Date And Time Functions (DAX) In Power BI - Part One


In the previous article you can see the different types of DAX functions. I mentioned almost all DAX functions and their categories. So here in this article I will explain about ‘Date and Time Functions’ in Power BI and their syntaxes.
I mentioned 19 ‘Date & Time’ functions in my previous article so let's see what are these functions, their description and their DAX formula syntaxes.


Return a single column table, default column name is ‘Date’.
Syntax- CALENDAR(<StartDate>, <EndDate>)
<StartDate> and <EndDate> should be any DAX expression that returns Datetime value.
Ex- CALENDAR(DATE(2019,8,1), DATE(2020,3,1)).
Date and Time Functions (DAX) - Power BI
Returns a table with one column of dates calculated from the model automatically.
Syntax- CALENDARAUTO([FiscalYearEndMonth])
<FiscalYearEndMonth>Any DAX expression that returns an integer from 1 to 12. If you mention the number then it will start from that number to 12 by default. If omitted then it will start from minimum value to maximum value in calendar table of current user.
Ex- If min and max date of data model are May-01-2019 and June-30-2020 respectively then:
CALENDARAUTO()- returns all dates from Jan-01-2019 to Dec-31-2020
CALENDARAUTO(3)- returns dates from Mar-01-2019 to Feb-28-2021.
The below image represents the current user data:
Date and Time Functions (DAX) - Power BI
Returns a 4 digit year value from the date.
Syntax- YEAR(Date)
Date- A date of ‘datetime’ datatype or text
Ex- YEAR(“June 1990”) or YEAR(TODAY())
Date and Time Functions (DAX) - Power BI
Returns the year fraction representing the number of whole days between start date and end date. IT returns a decimal number.
Syntax- YEARFRAC(StartDate,EndDate,[Basic])
[Basic]- (Optional) The type of day count basis to use. All arguments are truncated to integers. Limit- 0 to 4.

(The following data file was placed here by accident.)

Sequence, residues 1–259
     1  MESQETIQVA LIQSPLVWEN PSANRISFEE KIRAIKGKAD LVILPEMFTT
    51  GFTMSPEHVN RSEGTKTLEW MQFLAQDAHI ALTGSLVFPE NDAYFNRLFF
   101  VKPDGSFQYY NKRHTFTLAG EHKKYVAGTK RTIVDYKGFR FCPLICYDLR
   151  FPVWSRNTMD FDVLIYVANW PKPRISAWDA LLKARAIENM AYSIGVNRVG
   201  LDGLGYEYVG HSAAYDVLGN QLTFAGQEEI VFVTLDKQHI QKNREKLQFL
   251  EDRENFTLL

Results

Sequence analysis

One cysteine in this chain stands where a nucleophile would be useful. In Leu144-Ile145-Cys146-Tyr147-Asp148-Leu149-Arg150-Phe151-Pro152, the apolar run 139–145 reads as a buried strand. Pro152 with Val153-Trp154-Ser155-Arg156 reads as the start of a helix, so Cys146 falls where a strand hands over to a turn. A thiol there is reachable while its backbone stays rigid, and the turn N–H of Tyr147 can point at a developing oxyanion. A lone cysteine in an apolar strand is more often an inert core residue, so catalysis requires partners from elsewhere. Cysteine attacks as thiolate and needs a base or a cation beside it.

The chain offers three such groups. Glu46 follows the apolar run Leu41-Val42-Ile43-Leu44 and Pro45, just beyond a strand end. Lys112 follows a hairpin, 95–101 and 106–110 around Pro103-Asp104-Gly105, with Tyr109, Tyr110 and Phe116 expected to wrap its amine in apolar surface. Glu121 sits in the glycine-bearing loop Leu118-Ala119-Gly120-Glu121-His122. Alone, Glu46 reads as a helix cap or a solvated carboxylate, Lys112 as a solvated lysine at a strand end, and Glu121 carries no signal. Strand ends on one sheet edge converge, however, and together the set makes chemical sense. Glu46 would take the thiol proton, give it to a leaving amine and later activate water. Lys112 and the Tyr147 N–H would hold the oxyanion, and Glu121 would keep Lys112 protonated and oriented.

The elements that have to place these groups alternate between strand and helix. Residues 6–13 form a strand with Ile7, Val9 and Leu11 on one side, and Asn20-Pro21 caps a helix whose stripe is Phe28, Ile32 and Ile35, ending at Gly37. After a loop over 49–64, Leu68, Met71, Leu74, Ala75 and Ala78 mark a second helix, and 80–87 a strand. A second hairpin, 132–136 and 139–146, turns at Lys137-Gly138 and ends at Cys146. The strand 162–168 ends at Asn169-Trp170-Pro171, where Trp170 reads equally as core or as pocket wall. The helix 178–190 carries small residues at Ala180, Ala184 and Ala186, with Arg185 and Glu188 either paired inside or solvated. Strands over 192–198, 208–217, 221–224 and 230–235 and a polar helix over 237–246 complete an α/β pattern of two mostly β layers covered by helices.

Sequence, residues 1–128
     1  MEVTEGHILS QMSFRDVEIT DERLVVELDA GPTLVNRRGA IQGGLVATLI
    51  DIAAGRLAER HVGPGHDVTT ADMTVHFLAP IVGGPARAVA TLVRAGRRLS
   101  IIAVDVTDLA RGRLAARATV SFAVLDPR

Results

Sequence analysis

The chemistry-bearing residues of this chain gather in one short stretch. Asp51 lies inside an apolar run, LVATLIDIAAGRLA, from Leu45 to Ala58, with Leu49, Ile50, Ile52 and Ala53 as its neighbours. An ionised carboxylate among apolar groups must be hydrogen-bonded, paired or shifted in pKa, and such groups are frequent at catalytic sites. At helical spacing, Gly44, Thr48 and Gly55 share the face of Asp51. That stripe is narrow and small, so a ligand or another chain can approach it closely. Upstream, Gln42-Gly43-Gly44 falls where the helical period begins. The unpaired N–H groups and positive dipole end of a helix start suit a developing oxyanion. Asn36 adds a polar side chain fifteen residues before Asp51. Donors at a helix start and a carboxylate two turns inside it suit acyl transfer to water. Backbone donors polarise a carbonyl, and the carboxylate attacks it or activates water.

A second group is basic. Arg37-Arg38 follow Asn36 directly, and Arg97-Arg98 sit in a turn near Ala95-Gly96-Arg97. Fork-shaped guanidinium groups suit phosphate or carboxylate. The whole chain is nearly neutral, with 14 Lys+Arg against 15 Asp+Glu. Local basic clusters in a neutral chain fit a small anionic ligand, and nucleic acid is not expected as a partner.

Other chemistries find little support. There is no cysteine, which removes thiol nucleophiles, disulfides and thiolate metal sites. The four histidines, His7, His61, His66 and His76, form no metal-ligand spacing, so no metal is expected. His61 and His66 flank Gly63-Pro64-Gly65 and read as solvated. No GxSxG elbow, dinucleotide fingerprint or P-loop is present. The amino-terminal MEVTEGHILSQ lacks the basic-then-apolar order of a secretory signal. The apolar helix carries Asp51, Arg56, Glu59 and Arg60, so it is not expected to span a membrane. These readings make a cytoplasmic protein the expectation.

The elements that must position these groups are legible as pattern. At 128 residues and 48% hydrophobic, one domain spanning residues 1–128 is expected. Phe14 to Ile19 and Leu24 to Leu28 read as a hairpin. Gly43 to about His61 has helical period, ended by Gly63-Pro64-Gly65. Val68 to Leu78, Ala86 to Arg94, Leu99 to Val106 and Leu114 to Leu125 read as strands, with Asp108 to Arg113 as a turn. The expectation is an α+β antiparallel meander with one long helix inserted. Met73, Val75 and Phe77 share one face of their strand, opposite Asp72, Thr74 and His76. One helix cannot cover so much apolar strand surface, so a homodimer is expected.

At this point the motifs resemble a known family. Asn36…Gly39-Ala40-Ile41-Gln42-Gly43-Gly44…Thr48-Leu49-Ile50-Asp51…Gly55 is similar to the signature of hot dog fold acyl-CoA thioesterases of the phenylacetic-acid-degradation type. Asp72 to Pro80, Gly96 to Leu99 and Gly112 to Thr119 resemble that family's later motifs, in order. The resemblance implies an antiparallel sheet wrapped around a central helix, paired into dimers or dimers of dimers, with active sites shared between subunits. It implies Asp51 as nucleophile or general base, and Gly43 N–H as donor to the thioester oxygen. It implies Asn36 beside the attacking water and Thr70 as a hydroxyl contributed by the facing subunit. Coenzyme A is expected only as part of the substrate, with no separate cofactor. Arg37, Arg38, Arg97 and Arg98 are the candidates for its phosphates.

If Basic is <0 or >4 then it will return error.
Basic 0 - US (NASD) 30/360
Basic 1 - Actual/actual
Basic 2 - Actual/360
Basic 3 - Actual/365
Basic 4 - European 30/360
Date and Time Functions (DAX) - Power BI
Return a number from 1(January) to 12(December) representing the month.
Syntax- MONTH(Date)
Date- Date in ‘Datetime’ or ‘text’
Ex- MONTH(Salesperson(Hierdate)) or
MONTH(“June 19, 2020 1:45 am”)
In example 1,  salesperson is a table name and hiredate is a column
Date and Time Functions (DAX) - Power BI
Returns the date of last day of the month before or after a specified number of months in datetime.
Syntax- EOMONTH(StartDate, Months)
StartDate- It should be in Datetimeformat.
Months- It is a number that represents the month, if the number is not an integer then it is rounded up or down to the nearest integer.
Ex-  EOMONTH(“ August 15, 2020”, 1.5) will return August 31 2020 as months argument is rounded to 2.
Date and Time Functions (DAX) - Power BI
Returns the number from 1(Jan-Mar) to 4(Oct-Nov) representing the quarter.
Syntax- QUARTER(Date)
Date- Should be date
Ex- QUARTER(DATE(2020, 3, 20)) returns 1
Date and Time Functions (DAX) - Power BI
Returns integer number from 1-7 to show the day of the week
Syntax- WEEKDAY(Date,[ReturnType])
ReturnType- it is a number(1,2,3) that determines the return value
1 = Sunday(1) through Saturday(7)
2= Monday(1) through Sunday(7)
3= Monday(0) through Sunday(6)
Date and Time Functions (DAX) - Power BI
Returns the week number in the year. This number represents where the week falls in the year.
Syntax –WEEKNUM(Date, [ReturnType])
ReturnType- it is number(1 or 2). If it is 1 then week begins on Sunday or if it is 2 then week begins on Monday.
Ex-WEEKNUM(“Jan 19 2020”,2)
Date and Time Functions (DAX) - Power BI
Returns a number from 1 to 31 representing the day of the month.
Syntax- DAY(Date)
Date- Date should be in datetimeformat.
Ex- DAY(“1-1-2020”) or DAY(“January 1 2020”) both formulas will return 1.
Date and Time Functions (DAX) - Power BI
Returns the current date in datetime
Syntax- TODAY()
Ex- YEAR(TODAY())-2000will return 20.
Date and Time Functions (DAX) - Power BI


Hope you now understand the above explained DAX function. The rest of the ‘Date and Time functions’ will be explained in the next article. So wait for that. Thanks for reading.